and H field arrangements have been shown. More complicated
arrangements are often necessary to make possible
coupling, isolation, or other types of operation. The field
arrangements of the various modes of operation
are divided into two categories: TRANSVERSE ELECTRIC (TE) and
In the transverse electric (TE) mode, the entire electric field
is in the transverse plane, which is
perpendicular to the length of the waveguide (direction of
energy travel). Part of the magnetic field is
parallel to the length axis.
In the transverse magnetic (TM) mode, the entire magnetic field
is in the transverse plane and has no
portion parallel to the length axis.
Since there are several TE and TM modes, subscripts are used to
complete the description of the
field pattern. In rectangular waveguides, the first subscript
indicates the number of half-wave patterns in
the "a" dimension, and the second subscript indicates the number
of half-wave patterns in the "b"
The dominant mode for rectangular waveguides is shown in figure
1-36. It is designated as the TE
mode because the E fields are perpendicular to the "a" walls.
The first subscript is 1 since there is only
one half-wave pattern across the "a" dimension. There are no
E-field patterns across the "b" dimension, so
the second subscript is 0. The complete mode description of the
dominant mode in rectangular
waveguides is TE1,0. Subsequent descriptions of waveguide
operation in this text will assume the
dominant (TE1,0) mode unless otherwise noted.
Figure 1-36.Dominant mode in a rectangular waveguide.
A similar system is used to identify the modes of circular
waveguides. The general classification of
TE and TM is true for both circular and rectangular waveguides.
In circular waveguides the subscripts
have a different meaning. The first subscript indicates the
number of full-wave patterns around the
circumference of the waveguide. The second subscript indicates
the number of half-wave patterns across
In the circular waveguide in figure 1-37, the E field is
perpendicular to the length of the waveguide
with no E lines parallel to the direction of propagation. Thus,
it must be classified as operating in the TE
mode. If you follow the E line pattern in a counterclockwise
direction starting at the top, the E lines go
from zero, through maximum positive (tail of arrows), back to
zero, through maximum negative (head of
arrows), and then back to zero again. This is one full wave, so
the first subscript is 1. Along the diameter,
the E lines go from zero through maximum and back to zero,
making a half-wave variation. The second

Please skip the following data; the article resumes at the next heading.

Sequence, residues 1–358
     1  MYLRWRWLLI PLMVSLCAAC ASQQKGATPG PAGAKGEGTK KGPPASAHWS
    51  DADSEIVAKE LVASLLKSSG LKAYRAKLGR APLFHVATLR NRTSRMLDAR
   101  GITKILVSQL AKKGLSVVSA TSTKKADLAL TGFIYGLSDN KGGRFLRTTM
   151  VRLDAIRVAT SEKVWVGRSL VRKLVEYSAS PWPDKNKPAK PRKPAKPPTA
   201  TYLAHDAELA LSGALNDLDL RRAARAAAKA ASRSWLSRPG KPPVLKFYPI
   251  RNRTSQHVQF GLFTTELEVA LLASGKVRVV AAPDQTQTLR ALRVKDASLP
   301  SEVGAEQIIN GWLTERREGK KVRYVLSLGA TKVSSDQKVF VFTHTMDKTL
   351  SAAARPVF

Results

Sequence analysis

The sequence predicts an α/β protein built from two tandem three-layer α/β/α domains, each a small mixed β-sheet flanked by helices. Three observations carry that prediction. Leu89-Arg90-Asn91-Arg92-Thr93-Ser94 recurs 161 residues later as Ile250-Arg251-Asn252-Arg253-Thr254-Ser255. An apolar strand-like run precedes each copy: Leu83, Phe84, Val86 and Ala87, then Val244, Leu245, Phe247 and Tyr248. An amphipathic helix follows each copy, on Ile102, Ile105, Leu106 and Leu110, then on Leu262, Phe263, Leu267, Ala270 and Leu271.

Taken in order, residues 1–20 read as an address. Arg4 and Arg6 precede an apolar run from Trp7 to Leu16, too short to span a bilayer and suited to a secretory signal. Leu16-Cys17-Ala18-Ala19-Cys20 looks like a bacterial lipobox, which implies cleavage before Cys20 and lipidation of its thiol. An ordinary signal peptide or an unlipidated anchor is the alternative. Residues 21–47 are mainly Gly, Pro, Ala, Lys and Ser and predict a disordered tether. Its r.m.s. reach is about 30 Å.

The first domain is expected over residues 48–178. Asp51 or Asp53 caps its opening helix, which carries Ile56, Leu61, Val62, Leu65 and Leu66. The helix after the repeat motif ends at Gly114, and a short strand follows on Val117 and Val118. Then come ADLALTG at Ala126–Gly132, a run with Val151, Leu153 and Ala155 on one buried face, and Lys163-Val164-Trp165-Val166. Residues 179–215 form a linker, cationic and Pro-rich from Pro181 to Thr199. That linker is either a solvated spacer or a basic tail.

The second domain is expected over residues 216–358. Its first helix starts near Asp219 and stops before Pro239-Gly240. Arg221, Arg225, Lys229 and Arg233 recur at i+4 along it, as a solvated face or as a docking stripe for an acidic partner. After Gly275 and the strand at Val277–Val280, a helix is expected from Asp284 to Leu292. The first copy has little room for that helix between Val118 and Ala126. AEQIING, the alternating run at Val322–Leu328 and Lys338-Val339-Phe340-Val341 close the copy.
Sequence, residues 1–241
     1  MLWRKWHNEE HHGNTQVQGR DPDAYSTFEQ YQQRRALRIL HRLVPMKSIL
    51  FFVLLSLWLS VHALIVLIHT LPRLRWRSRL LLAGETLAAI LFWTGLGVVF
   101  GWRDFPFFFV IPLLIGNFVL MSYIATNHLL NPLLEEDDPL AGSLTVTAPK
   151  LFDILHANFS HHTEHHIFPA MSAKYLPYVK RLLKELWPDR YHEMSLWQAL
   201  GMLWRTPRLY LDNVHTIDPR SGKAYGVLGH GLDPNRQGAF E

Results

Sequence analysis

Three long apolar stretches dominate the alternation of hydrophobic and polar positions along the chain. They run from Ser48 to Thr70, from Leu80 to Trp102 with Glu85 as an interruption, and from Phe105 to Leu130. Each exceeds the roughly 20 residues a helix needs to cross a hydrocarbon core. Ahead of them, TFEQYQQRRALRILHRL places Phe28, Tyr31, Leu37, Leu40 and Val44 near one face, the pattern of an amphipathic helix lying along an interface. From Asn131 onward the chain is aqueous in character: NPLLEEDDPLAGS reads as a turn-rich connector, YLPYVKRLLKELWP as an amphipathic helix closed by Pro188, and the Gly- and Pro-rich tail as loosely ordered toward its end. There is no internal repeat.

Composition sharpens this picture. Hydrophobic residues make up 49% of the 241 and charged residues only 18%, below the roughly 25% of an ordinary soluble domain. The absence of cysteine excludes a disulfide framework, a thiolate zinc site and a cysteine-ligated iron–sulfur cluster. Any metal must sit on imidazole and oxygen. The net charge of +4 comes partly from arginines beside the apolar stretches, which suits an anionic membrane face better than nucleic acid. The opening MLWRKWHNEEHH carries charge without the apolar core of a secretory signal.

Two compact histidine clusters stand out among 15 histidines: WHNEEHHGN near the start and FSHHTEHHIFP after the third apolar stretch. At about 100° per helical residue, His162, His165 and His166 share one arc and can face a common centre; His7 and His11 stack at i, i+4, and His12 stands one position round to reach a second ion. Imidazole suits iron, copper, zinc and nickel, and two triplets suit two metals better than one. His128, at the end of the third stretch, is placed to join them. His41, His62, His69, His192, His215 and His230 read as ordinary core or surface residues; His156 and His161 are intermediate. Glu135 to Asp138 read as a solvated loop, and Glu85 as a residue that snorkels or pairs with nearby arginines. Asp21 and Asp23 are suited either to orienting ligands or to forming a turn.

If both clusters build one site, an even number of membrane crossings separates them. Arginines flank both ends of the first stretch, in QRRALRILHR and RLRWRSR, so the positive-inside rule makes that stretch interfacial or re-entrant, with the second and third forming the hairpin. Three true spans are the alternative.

subscript, therefore, is also 1. TE 1,1 is the complete mode
description of the dominant mode in circular
waveguides. Several modes are possible in both circular and
rectangular waveguides. Figure 1-38
illustrates several different modes that can be used to verify
the mode numbering system.
Figure 1-37.Counting wavelengths in a circular waveguide.
Figure 1-38.Various modes of operation for rectangular and
Waveguide Input/Output Methods
A waveguide, as explained earlier in this chapter, operates
differently from an ordinary transmission
line. Therefore, special devices must be used to put energy into
a waveguide at one end and remove it
from the other end.
The three devices used to inject or remove energy from
waveguides are PROBES, LOOPS, and
SLOTS. Slots may also be called APERTURES or WINDOWS.
As previously discussed, when a small probe is inserted into a
waveguide and supplied with
microwave energy, it acts as a quarter-wave antenna. Current
flows in the probe and sets up an E field
such as the one shown in figure 1-39A. The E lines detach
themselves from the probe. When the probe is
located at the point of highest efficiency, the E lines set up
an E field of considerable intensity.
Figure 1-39A.Probe coupling in a rectangular waveguide.
Figure 1-39B.Probe coupling in a rectangular waveguide.
Figure 1-39C.Probe coupling in a rectangular waveguide.
Figure 1-39D.Probe coupling in a rectangular waveguide.
The most efficient place to locate the probe is in the center of
the "a" wall, parallel to the "b" wall,
and one quarter-wavelength from the shorted end of the
waveguide, as shown in figure 1-39B, and figure
1-39C. This is the point at which the E field is maximum in the
dominant mode. Therefore, energy
transfer (coupling) is maximum at this point. Note that the
quarter-wavelength spacing is at the frequency
required to propagate the dominant mode.
In many applications a lesser degree of energy transfer, called
loose coupling, is desirable. The
amount of energy transfer can be reduced by decreasing the
length of the probe, by moving it out of the
center of the E field, or by shielding it. Where the degree of
coupling must be varied frequently, the probe
is made retractable so the length can be easily changed.
The size and shape of the probe determines its frequency,
bandwidth, and power-handling capability.
As the diameter of a probe increases, the bandwidth increases. A
probe similar in shape to a door knob is
capable of handling much higher power and a larger bandwidth
than a conventional probe. The greater